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Movie Analysis: The Searchers (1956)

3 pages
600 words
George Washington University
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The Searchers is an emotionally complex movie, with hate-ridden quest after the Comanche massacre. It also explores the themes of sexism and racial prejudice. The video also examines an inside psychological disorder of the fiercely independent and crusading man, Ethan, obsessed with hatred and revenge and searches for his nieces Debbie (Natalie Wood) and Lucy Edwards (Pippa Scott) among the savages.

An analysis of "The Searchers.""The Searchers," directed by John Ford in1956 is the most potent and debated movie ever produced. Its impression on the film writing generations of 1960, the 1970s, and 1980s is immeasurable. The stature of this film is growing over decades more than other movies. The film is a thrilling adventure full of humor, action, suspense and has memorable characters. The Searchers film presents the best values an excellent Western should. The movie entails an obsessive quest (Ebert, 2001). The author set The Searchers against the period of change. The Searchers is distinguishable from the other films it is a new approach to portraying the West settlers. The Searchers has the elements of the other movies produced earlier before is, and in the same way, it influences the aspects of the Western films that others create.

The inspiration of the film was the kidnapping of Cynthia Ann Parker, a nine-year-old in 1836 by the Comanche warriors and his uncle James W. Parker spent most his fortune and life in the obsessive search for her. Along with the rescue of Cynthia Ann, the Texas Rangers also rescued Debbie Edwards. The film presented the cases of child abductions in the 19th century. The kidnapping of the ladies shows that the women are the seen as the weak in the society. The feminism theme comes in because for example in the case of Cynthia Ann, and her abduction resulted in her marriage to a War chief which is signifying oppression on the side of women. Many captives, majority being women experienced rape, and those who ran away from the captors could discuss it.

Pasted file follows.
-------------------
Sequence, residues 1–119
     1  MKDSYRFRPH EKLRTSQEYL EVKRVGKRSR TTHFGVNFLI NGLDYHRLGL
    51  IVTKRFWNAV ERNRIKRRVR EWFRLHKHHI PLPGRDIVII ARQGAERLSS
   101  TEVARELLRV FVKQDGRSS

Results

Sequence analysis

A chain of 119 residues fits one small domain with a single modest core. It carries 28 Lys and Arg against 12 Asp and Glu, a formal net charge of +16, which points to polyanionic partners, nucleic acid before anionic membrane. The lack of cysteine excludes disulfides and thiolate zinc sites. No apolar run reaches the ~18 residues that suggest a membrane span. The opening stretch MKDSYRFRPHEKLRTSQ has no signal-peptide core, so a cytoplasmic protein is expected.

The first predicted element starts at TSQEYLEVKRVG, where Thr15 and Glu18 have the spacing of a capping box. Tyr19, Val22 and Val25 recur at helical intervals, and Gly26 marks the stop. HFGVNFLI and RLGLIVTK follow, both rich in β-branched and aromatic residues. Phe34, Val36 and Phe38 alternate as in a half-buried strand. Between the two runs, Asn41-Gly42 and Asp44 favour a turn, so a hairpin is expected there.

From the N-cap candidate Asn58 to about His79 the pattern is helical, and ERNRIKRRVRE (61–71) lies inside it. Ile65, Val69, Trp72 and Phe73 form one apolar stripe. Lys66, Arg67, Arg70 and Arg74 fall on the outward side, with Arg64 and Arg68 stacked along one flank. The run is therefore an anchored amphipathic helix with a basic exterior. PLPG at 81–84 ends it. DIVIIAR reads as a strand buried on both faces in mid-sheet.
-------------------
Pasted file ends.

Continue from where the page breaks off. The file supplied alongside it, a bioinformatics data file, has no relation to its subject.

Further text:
Racism is a central theme in the film. Racism manifests in the traditional attitude that the white settlers had towards the Native Americans. Ford was not the first to examine the theme cinematically, but his description of the harshness towards the Native Americans was astonishing, particularly to the later generations. Some writers such as Robert Ebert wrote, "I think Ford was trying, imperfectly, even nervously, to depict racism that justified genocide." At the heart of the movie, Wayne's performance is angry and vengeful. Since the commencement of his quest, it shows that he has least interest in Debbie's rescue than in the wreaking revenge on the Comanches for slaughtering his brother's family. According to Ford, there is some value to the charge that "the Western inaccurately or fairly portrays the Indian," however, the charge is a wide-ranging generalization, often biased (Ebert, 2001). The Indians did not welcome the white man, and he was not diplomatic. If the whites mistreated him in the films, it is unfortunate that this was a reality in life. The west was full of racial prejudice. When Ethan finally finds his niece, after ten years of search, and finds out that she adapted to the way of life, for example, the language of the captors he intends to kill her which portrays his craziness of racial hatred. The author addresses this madness and the way it played out in the American history as well as in the genre of the western.



Ebert, R. (2001). The searchers. Rev. of the Searchers. Chicago Sun-Times (Chicago, IL), IL, 25.Available at:


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